Red Sox

As the Playoffs Begin, Here’s One Reason Why It’s Too Bad This Lousy Red Sox Season Had to End

Derek Jeter’s long goodbye — has that Aretha stunt double from The Voice left the field yet? — has tested the limits of even my lifelong sentimentality for baseball. While Bob Costas, the sport’s longtime designated deifyer, poured on so much sugar Thursday night during the living monument’s final game at Yankee Stadium that the MLB Network broadcast should have come with a warning that viewing more than one inning at a time may cause cavities.

Meanwhile, former spring-training invitee Billy Crystal, a young player by Yankees standards, took the opportunity to essentially make the case that he was Jeter’s most beloved double play partner. I bet he’s mad he doesn’t have his own baseball-reference page.


Yeah, it’s been a little much. A lot much. But while those sentimental limits have been tested, they are still intact over here. The teams that do get to play on — thank goodness the Jeteryankees aren’t among them — are appealing, especially those that aren’t particularly familiar to recent playoff baseball.

Sign me up for a Royals-Pirates World Series, please. Or A’s-Pirates. Or Nats-Angels, my World Series pick… last year. Or maybe a ’79 Pirates-Orioles rematch. Or ’85 Royals-Cardinals…

It should be a superb and suspenseful postseason, even by October’s usual standards. But there’s envy for those of us who follow teams that don’t get to play on. It is always a bummer when the Red Sox season ends — even ones that unofficially ended long ago.


Man, what a weird season. What went wrong? Well, you know. It went off the rails so fast that we spent pretty much the entire season rehashing it in real-time. Here’s the synopsized version:

Shane Victorino got hurt and hurt again, Dustin Pedroia got hurt and played through it, Clay Buchholz was an enigmatic aggravation every fifth day, Jackie Bradley Jr. and Xander Bogaerts weren’t exactly the Gold Dust Twins II, Will Middlebrooks remained puzzled by the concept of a slider, Grady Sizemore made a cameo, Jon Lester got low-balled, dominated then got traded, Jake Peavy and Brandon Workman each won a game, Koji Uehara proved mortal…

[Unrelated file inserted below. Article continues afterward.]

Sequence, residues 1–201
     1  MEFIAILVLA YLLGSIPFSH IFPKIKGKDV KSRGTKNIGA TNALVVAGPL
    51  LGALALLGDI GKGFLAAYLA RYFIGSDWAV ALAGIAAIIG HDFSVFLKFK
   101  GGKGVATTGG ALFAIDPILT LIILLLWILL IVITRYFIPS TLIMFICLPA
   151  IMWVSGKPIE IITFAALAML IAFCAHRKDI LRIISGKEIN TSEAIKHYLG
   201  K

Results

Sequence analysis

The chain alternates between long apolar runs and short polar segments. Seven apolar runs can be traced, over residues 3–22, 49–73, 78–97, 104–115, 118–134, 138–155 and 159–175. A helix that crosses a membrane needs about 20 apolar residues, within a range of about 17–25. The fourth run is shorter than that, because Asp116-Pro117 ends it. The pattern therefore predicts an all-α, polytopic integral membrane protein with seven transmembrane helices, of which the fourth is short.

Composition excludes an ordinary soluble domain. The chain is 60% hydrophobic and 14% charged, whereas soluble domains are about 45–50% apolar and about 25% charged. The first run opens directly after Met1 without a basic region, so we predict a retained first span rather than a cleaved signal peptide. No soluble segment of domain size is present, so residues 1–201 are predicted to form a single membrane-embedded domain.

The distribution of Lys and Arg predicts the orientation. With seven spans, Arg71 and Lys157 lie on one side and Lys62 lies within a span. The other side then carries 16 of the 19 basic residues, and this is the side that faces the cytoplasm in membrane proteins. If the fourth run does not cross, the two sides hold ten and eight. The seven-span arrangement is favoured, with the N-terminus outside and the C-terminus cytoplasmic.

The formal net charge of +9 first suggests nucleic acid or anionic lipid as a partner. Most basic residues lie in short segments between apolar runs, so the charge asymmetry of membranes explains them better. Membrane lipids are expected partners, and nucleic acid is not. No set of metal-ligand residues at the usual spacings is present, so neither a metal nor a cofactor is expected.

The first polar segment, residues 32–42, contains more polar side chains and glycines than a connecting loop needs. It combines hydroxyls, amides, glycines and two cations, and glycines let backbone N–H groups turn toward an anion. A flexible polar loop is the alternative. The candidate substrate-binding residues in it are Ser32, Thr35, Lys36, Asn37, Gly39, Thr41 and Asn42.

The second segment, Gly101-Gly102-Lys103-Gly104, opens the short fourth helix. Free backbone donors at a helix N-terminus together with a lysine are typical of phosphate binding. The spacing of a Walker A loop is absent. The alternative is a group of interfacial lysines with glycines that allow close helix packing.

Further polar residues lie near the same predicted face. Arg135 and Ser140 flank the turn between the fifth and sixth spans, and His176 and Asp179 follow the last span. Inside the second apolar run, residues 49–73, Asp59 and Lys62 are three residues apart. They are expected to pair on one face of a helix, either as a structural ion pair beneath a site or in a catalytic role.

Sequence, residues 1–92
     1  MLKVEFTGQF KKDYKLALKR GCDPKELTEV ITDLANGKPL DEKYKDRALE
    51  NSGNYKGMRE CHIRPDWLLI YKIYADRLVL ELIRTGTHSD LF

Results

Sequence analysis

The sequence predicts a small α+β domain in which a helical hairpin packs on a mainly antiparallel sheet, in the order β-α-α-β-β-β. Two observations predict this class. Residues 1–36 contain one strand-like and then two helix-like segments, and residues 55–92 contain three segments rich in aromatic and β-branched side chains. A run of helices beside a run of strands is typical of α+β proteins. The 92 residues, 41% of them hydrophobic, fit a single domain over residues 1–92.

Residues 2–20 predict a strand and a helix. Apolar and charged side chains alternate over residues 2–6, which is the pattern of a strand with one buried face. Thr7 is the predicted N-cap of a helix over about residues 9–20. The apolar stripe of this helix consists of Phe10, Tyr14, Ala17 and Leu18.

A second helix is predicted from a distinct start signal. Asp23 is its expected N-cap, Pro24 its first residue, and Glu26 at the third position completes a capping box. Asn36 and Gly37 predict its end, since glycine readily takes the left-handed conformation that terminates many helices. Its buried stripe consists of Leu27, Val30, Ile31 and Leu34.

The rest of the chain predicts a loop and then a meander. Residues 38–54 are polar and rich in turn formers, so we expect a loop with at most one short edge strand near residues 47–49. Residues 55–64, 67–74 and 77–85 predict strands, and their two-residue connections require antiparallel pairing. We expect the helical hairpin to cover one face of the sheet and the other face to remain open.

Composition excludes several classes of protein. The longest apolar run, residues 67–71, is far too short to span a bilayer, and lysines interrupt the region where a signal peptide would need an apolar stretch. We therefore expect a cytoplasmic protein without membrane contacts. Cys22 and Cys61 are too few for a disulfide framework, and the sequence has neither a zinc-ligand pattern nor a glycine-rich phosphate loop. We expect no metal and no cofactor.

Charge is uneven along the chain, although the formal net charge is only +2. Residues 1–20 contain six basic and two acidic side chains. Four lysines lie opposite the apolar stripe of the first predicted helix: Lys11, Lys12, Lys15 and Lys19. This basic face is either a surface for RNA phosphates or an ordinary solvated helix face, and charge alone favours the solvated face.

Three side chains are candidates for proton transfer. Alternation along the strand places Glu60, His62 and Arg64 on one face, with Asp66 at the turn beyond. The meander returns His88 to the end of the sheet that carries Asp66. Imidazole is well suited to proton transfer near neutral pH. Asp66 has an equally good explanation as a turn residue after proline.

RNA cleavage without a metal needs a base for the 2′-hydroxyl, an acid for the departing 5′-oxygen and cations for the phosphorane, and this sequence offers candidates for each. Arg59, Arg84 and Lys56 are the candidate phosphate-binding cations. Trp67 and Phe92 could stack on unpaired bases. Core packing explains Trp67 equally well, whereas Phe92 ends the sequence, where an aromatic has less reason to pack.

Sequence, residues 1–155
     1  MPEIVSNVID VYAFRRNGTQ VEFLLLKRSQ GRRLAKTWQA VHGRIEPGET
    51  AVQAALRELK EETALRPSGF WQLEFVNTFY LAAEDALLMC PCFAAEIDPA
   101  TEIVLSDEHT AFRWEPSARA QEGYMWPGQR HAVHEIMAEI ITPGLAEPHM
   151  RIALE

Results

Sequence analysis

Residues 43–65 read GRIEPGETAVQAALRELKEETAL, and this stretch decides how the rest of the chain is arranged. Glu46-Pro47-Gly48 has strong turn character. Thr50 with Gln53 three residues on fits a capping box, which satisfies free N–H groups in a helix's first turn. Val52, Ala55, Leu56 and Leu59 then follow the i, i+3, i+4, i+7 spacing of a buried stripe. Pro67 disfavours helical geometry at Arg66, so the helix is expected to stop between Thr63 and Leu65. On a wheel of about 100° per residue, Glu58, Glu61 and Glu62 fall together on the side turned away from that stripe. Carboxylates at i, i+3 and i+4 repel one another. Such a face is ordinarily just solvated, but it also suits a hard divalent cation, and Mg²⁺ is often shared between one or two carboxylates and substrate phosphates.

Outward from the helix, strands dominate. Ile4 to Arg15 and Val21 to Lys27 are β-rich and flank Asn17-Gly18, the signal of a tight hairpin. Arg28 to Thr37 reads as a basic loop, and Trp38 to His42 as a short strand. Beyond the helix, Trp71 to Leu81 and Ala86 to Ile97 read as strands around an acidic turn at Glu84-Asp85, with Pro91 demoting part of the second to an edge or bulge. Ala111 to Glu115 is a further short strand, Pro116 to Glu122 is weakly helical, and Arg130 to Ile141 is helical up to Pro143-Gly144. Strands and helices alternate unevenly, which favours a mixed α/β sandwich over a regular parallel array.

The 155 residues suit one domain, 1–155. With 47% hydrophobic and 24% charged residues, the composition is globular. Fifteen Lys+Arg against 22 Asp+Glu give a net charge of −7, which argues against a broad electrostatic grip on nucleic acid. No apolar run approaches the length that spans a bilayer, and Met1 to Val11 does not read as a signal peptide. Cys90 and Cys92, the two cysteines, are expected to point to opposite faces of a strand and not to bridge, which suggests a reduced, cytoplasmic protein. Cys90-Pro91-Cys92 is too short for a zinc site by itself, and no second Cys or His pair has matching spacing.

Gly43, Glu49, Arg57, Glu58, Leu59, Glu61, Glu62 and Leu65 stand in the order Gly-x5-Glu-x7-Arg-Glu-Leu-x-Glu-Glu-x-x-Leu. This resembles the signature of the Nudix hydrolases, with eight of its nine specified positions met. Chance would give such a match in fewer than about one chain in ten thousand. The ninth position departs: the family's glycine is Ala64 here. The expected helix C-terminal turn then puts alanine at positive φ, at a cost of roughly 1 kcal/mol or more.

… and most damningly, the offense scored its fewest runs in a full season since Butch Hobson’s hapless 1992 Red Sox, who were led in all three Triple Crown categories by Tom Brunansky. Bruno hit .266 with 15 homers and 74 RBIs. He did not remind anyone of ’67 Yaz.

As for the really synopsized version: They stink, stank and stunk.

It wasn’t so much a World Series hangover as it was a season of opposites. Everything that went right last year — save for the usual 30/100 from David Ortiz, who somehow managed to remain healthy until the final week — went wrong this season.



The most interesting aspect of this season was the arrival of player who was barely in our baseball consciousness at its beginning.

Rusney Castillo makes me wish this lost Red Sox season had lasted a few more weeks.

The 27-year-old Cuban outfielder, signed August 23, got 40 plate appearances in the big leagues after winning championships in two of his three brief stops in the minor leagues.

In those 40 plate appearances, he hit two homers, swiped three bases, put up a .333/.400/.528 slash line, walked three times while whiffing just six, made a couple of nice running/basket catches, and completely justified his $871,000 salary during this brief season.


While we always need to be wary of small samples — Rudy Pemberton’s .512/.556/.780 in 45 PAs in ’96 convinced Dan Duquette he was something better than, you know, Rudy Pemberton — you can gain valuable glimpses of what a player can and can’t do.

It’s a chance to gain first-hand insight on a player whose background has made him something of a mystery. I’m convinced the power is legit, that the 10-15 homer projections will prove conservative and that the 20 pounds of muscle he has gained will enhance his all-around production.

I think Castillo is going to be an adventure — in an entertaining way — on the bases. I saw him over-slide the bag twice in a matter of days. And he plays the outfield with a graceful nonchalance that will be endearing right up until he drops one.


And based on this tiny sample, well, hell, I’m convinced: I get the popular Ron Gant comp, and think he’s going to justify the entire $72.5 million of it over the next seven years.

Gotta end the season with any optimism we can find, right?

As for those still lucky and good enough to be playing:

Go Pirates. Or Royals. Or A’s.

Since we learned long ago that a Red Sox repeat wasn’t happening, the least we can wish for is a worthy successor while dreaming on what next spring might bring.

Say, while we’re at it, kinda liked watching this Betts kid too…

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